My position prior to the general election was clear that we would favour the abolition of the Seanad only in the context of deep and meaningful reform to the electoral system, to the Dáil itself and to the method of appointing persons to the Executive. It would be a very radical programme of reform because I think the crisis we have experienced demands that.

The Taoiseach has dramatically changed his position. In the famous speech in the Glenties, he detailed considerable reform which he believed in then. Then there was the famous dinner at which he abruptly turned, which he was entitled to do, and came forward with the proposal to abolish the Seanad.

We should also record the fact there have been many very good contributions in the Seanad. People did not only make colourful contributions which I think was a bit of a put down to some very good, sustained and significant contributions people from all political backgrounds made in the context of analysing legislation and making important statements on issues of public importance. That must be acknowledged.

The problem is we are abolishing urban councils in their entirety. That is one tier of democracy at a local level which is being abolished. I passionately believe in town councils. In towns throughout the country, I have seen the work of small town councils, which fundamentally represent people coming together in their communities to make a difference. We are getting rid of that but are dressing it up by saying we are reducing the number of councillors. We are increasing the number of councillors in Dublin by, I think, 60, which is an extraordinary number. The reasons are electoral, that is, to keep the Labour Party seats on those councils.

The Tánaiste: Information on Eamon Gilmore Zoom on Eamon Gilmore It is population.

Deputy Micheál Martin: Information on Micheál Martin Zoom on Micheál Martin We will now have an incredible number of ten-seaters, nine-seaters and so on. It is one of the great gerrymanders we have witnessed in local government. The Government can have that but the abolition of town councils is a retrograde step. Its connection to the Seanad is that it represents another removal of a tier of scrutiny and of public participation in politics and in community activities.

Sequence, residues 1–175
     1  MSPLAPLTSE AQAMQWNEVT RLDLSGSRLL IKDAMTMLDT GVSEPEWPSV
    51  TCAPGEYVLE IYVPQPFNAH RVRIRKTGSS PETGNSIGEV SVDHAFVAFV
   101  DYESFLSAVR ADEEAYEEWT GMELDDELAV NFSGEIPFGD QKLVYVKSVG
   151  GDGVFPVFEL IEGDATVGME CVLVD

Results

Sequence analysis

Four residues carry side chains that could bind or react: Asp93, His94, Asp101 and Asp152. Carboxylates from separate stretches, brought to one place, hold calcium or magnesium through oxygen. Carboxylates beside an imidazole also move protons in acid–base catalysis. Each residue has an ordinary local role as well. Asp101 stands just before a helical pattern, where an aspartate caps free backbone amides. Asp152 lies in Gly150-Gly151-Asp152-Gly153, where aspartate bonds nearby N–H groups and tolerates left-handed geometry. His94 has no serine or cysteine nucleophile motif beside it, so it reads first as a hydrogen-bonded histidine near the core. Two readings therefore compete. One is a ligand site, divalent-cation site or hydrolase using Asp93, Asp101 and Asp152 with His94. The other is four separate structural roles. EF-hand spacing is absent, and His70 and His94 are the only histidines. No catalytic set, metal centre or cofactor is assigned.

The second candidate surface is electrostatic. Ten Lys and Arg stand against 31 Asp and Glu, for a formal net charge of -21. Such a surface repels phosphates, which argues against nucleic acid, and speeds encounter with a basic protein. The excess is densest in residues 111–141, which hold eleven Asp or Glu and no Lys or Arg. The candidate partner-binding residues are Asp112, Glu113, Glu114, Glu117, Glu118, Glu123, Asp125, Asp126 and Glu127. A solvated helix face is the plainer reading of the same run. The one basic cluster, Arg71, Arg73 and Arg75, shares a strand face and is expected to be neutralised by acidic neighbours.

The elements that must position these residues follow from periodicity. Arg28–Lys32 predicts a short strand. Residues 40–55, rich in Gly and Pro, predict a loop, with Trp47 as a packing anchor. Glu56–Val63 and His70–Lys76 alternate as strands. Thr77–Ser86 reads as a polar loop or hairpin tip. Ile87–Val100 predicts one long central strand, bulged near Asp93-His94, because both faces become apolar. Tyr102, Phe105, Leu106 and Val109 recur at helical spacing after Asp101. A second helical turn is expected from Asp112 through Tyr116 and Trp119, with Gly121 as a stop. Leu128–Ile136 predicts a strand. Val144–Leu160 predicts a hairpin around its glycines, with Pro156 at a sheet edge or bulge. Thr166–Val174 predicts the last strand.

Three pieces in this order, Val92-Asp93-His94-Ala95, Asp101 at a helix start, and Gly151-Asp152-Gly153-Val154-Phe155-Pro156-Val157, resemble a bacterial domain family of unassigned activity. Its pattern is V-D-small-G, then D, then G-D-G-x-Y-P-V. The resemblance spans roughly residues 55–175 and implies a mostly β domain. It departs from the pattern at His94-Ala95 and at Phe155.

The elections to Údarás na Gaeltachta were done away with. The Government said to people living in the Gaeltacht area that they did not really need to have a say on who sits on Údarás na Gaeltachta. People are beginning to wonder about an authoritarian streak within the Government. If the Government succeeds in having the Seanad abolished, we will be left with an Executive which has dramatically increased the number of guillotines on very important legislation. It has absolute control over everything that happens in this House, including timetables and length of time issues are discussed, through our historic system of the Executive controlling the agenda of the House, and I acknowledge it did not start with this Government. That is the big issue down the line. How far do we go in abolishing democracy and the various tenets of democracy? Direct franchise to the Seanad is an option the Taoiseach could proceed with but he needs to be careful how he proceeds.

Will the Taoiseach circulate the memorandums and minutes?

An Ceann Comhairle: Information on Seán Barrett Zoom on Seán Barrett I call Deputy Adams.

Deputy Richard Boyd Barrett: Information on Richard Boyd Barrett Zoom on Richard Boyd Barrett I am next on the list.

An Ceann Comhairle: Information on Seán Barrett Zoom on Seán Barrett Deputy Adams had three questions, Deputy Martin had four questions and you had one question, so be patient and I will come to you.